Here goes the Sun

Marianne Feiberger

On the 29th of March 2006 a total eclipse of the Sun will be visible from a narrow strip of land that starts in eastern Brazil and ends in western Mongolia. Much of Northern Africa, Europe and Central Asia will experience the Moon's journey across the face of the Sun as a partial eclipse.

A total eclipse of the Sun

A total eclipse of the Sun

A solar eclipse occurs when the Moon passes in front of the Sun and partly or wholly obscures the Sun's bright disk. If the Moon's orbit around the Earth lay in the same plane as that of the Earth around the Sun, then a solar eclipse would occur with every New Moon, roughly once a month. In reality though, the Moon's orbital plane is tilted by five degrees with respect to that of Earth and Sun. The New Moon finds itself close to the Earth-Sun orbital plane only twice a year, during the eclipse seasons, which are roughly six months apart. About every one to two years, Moon, Earth and Sun line up in such a way that — viewed from certain places on Earth — the Moon appears large enough to exactly blot out the Sun. The Moon's umbral shadow sweeps the Earth in a narrow path at over 1700 kilometres an hour. On this path the eclipse is total: all that's visible of the Sun is its outer atmosphere — the corona — which appears as a flaming halo of the darkened Moon. A strange twilight descends on the world; birds and other animals cease all their activities and everything becomes eerily silent.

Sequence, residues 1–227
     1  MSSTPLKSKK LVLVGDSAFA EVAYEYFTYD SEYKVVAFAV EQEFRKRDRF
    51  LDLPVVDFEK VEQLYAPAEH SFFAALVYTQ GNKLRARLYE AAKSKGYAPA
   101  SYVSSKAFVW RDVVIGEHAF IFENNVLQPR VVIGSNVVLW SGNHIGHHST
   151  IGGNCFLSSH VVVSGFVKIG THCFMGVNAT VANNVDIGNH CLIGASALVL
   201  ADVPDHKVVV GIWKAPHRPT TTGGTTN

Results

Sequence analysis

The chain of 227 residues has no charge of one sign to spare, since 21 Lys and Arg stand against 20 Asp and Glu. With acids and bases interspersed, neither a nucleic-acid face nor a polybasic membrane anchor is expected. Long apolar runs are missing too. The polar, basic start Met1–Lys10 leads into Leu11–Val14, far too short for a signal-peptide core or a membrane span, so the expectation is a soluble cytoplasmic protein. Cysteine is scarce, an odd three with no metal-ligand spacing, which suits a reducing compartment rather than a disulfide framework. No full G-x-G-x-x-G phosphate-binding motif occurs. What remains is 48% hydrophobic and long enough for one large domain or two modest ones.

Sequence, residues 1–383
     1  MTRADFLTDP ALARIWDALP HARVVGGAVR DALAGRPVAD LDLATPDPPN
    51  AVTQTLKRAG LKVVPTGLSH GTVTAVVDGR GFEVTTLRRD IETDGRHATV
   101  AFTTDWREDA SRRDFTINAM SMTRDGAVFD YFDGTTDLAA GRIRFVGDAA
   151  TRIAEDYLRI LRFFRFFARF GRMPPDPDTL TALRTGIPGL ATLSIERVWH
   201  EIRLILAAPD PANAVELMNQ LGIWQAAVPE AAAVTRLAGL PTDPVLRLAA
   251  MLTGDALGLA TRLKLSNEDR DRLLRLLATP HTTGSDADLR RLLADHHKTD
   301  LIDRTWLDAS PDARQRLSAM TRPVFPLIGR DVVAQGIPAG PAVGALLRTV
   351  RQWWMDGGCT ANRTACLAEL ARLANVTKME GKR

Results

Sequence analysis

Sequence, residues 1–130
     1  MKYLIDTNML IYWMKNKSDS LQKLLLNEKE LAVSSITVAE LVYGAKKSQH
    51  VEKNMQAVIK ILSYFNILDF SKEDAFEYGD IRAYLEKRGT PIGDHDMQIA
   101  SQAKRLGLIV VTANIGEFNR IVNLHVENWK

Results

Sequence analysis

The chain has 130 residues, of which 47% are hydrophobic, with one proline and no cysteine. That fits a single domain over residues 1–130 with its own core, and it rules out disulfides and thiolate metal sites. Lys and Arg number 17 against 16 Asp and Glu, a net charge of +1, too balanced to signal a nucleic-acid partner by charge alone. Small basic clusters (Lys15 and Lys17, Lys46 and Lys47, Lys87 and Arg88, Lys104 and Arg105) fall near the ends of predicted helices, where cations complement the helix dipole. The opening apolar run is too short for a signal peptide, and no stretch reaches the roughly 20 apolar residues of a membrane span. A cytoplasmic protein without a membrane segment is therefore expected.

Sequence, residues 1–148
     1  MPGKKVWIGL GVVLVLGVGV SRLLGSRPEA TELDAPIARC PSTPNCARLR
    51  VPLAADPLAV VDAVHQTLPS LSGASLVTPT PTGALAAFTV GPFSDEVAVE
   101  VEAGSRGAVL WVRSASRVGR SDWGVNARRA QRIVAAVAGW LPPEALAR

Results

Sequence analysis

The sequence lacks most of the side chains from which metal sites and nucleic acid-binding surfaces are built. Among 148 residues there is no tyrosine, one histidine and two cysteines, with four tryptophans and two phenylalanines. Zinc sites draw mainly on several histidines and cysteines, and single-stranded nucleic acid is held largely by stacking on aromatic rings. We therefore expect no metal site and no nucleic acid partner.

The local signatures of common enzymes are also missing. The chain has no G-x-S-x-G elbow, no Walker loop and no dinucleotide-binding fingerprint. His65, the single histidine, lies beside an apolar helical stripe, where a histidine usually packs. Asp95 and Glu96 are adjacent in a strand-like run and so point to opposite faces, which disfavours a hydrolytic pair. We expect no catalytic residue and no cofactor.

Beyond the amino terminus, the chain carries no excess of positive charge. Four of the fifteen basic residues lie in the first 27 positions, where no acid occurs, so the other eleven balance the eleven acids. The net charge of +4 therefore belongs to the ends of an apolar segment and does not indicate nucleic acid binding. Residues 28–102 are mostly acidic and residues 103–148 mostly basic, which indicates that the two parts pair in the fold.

Diagram of a total eclipse

Diagram of a total eclipse. Not to scale.

A total eclipse is a spectacular event, and if you haven't seen one, you might want to travel to a place where you can. This time, the Moon's umbral shadow will make its way from eastern Brazil, across the Atlantic, over several North African countries and a large part of the Sahara, into southern Turkey and finally into western Mongolia. If you are really serious about seeing the eclipse, you should probably head for the Sahara, where it will not only last longest — four minutes and seven seconds — but where the skies will most likely be clear, affording you a perfect view. If that sounds a bit too out of the way and you'd like something a little more tourist-friendly, you could consider the Turkish city of Antalya, which will also be visited by the full shadow of the Moon and — being a modern city on the shores of the Mediterranean — offers a few more creature comforts.

A diagram showing the path of totality

Along the blue path the eclipse will be seen as total. Image courtesy of NASA.

If you can't travel at all and don't live within the shadow's path, there is still some consolation if you are on the northern hemisphere and on the same side of the globe as Africa. In these places the eclipse will be partial — not quite as spectacular but still a fascinating event. Whatever you do, remember not to look at the Sun directly with the naked eye, even when it is totally eclipsed: you may damage your eyes permanently and even go blind. One of the safest ways to experience the eclipse is to build yourself a pinhole camera and view it by projection. Alternatively, you can use specially designed glasses like those that were distributed in the UK for the 1999 total eclipse.

And if you are unlucky enough to miss out on the experience altogether, then hang on until the 1st of August 2008, when another total eclipse will traverse Canada, Greenland, Siberia, Mongolia and China.

Further reading

  • Find out more about solar eclipses and the sun in general in Plus article The dynamic sun, which was written for the 1999 eclipse.
  • NASA has a webpage on the 2006 eclipse.
  • More information and many animations can be found on this webpage of the Nautical Almanac Office.
  • More on eclipse tourism in this article from The Independent.
  • Some advice on eye safety from NASA.